DFA to review Chinese ‘forceful’ retrieval of floating debris from PH Coast Guard

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THE DEPARTMENT of Foreign Affairs (DFA) on Monday said it would review a reported incident in the South China Sea wherein a Chinese vessel “forcefully retrieved” debris being towed by the Philippine Coast Guard. 

“The DFA is aware of the incident and awaits the detailed reports from maritime law enforcement agencies. A thorough review will be conducted,” DFA Spokesperson Maria Theresita C. Daza told reporters via WhatsApp.  

The Philippine military’s Western Command reported on Sunday morning that an unidentified floating object was spotted drifting west off Thitu Island, locally known as Pag-asa Island. 

The island is part of the resource-rich Spratly Islands. It is about 12 nautical miles from China’s air and naval base at Subi Reef.  

China took hold of Subi, which the Philippines calls Zamora, in 1988.  

A Philippine Coast Guard vessel was towing the debris to the Naval Station Emilio Liwanag (NSEL) when a Chinese Coast Guard boat with bow number 5203 blocked its course twice.  

The Chinese crew then deployed a rigid hull inflatable boat, cut the towing line attached to the NSEL rubber boat, and forcefully took the floating object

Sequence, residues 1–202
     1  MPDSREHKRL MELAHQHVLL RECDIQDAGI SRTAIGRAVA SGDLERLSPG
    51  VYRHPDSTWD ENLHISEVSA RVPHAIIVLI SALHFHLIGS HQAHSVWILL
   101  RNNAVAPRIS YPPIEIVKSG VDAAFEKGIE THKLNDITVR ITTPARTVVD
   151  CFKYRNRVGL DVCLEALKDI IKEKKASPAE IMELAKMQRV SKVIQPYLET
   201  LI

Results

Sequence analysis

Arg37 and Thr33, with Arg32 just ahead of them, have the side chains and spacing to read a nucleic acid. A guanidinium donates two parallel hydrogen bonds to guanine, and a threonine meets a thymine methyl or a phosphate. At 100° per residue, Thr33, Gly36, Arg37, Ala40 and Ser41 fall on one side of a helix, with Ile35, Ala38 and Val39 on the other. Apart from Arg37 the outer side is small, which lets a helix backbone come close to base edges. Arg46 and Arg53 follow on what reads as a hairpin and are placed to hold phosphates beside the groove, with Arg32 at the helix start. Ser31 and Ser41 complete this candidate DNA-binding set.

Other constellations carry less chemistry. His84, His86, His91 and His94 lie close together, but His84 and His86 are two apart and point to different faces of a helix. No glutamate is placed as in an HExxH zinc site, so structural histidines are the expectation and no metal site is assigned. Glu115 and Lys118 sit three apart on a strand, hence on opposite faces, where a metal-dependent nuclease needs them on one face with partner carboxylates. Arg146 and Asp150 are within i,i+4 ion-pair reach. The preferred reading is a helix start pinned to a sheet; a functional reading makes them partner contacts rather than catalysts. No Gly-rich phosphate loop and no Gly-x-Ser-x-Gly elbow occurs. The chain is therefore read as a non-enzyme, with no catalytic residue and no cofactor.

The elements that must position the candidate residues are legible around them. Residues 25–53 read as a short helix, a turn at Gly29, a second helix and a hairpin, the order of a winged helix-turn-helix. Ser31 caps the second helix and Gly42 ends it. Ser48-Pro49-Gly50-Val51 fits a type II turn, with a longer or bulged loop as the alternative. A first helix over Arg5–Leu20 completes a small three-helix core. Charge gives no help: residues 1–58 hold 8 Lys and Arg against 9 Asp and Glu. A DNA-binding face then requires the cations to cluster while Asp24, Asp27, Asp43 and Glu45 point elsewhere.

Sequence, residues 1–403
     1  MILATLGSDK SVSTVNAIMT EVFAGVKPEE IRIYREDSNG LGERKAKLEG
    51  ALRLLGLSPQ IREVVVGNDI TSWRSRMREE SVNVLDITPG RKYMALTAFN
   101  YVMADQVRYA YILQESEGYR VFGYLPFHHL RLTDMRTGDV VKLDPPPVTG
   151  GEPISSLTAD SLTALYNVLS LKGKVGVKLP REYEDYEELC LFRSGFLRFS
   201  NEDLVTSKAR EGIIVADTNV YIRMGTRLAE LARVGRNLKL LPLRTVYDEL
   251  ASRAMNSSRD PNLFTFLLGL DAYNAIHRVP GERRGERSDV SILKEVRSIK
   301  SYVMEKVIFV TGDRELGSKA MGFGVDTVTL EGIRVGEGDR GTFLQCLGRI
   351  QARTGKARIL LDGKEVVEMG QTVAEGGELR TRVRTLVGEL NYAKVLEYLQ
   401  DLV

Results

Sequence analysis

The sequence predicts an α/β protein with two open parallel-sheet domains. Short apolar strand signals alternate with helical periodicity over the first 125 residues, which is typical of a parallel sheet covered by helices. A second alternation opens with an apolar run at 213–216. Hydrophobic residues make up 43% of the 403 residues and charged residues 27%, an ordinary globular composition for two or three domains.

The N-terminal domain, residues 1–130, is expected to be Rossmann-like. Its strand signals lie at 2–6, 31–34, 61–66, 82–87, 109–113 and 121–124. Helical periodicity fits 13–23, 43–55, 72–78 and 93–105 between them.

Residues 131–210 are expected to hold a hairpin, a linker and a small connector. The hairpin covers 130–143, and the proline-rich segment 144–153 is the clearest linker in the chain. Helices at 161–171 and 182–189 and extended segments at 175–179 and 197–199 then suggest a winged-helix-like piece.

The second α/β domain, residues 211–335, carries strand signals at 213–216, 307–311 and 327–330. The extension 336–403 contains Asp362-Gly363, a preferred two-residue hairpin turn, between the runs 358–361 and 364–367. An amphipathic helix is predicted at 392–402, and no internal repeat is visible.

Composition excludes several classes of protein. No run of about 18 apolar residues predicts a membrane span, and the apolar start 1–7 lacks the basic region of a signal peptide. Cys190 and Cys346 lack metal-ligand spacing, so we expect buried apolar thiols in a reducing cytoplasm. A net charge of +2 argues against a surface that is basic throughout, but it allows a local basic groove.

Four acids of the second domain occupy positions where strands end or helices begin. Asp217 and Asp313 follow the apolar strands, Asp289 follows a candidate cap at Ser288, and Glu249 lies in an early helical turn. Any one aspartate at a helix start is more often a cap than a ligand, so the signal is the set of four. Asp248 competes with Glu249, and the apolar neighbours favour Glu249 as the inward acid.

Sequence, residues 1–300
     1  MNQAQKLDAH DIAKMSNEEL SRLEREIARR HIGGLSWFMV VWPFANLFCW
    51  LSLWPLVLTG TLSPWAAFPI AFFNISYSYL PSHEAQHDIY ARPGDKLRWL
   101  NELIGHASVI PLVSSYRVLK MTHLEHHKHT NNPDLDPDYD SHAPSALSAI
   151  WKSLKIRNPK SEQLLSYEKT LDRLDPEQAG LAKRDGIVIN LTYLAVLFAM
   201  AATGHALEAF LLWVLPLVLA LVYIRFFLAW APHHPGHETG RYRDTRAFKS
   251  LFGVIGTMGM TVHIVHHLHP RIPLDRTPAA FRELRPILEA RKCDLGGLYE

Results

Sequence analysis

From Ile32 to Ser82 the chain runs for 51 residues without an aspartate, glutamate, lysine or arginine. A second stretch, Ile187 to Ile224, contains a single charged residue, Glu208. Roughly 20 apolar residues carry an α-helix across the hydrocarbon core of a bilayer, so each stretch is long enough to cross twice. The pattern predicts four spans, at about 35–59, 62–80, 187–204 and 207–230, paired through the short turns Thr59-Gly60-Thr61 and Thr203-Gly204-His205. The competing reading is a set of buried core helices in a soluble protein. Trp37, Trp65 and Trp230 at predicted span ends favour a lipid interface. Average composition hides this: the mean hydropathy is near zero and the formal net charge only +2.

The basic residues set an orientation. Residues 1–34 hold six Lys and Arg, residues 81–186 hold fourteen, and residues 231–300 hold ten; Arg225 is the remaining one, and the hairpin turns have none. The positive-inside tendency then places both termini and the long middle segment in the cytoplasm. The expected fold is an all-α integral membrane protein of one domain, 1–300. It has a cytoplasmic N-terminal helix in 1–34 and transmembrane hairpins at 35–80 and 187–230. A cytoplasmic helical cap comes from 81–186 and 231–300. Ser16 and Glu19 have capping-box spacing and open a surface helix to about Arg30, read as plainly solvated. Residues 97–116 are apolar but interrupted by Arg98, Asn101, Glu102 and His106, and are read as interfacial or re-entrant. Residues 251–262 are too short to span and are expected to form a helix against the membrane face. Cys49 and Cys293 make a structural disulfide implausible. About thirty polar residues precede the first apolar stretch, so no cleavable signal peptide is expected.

The Philippine Coast Guard then decided to return to Thitu Island.  

“No member of the NSEL Team was injured during this incident,” Western Command Vice Admiral Alberto B. Carlos said in a statement. “This information has been reported to the National Task Force on the West Philippine Sea for appropriate action.”  

The Chinese Embassy did not respond to a Viber message seeking comment before the print deadline.  

Earlier this month, the Philippine Coast Guard collected a “white painted, curve shaped, and more or less six-meter-long metallic debris” retrieved by fishermen in waters off Occidental Mindoro, located northeast of Spratly Islands. 

The Philippine Space Agency, in a statement on Nov. 9, said the debris is “highly likely” to be part of a “rocket fairing of Long March 5B” launched in late October. — Alyssa Nicole O. Tan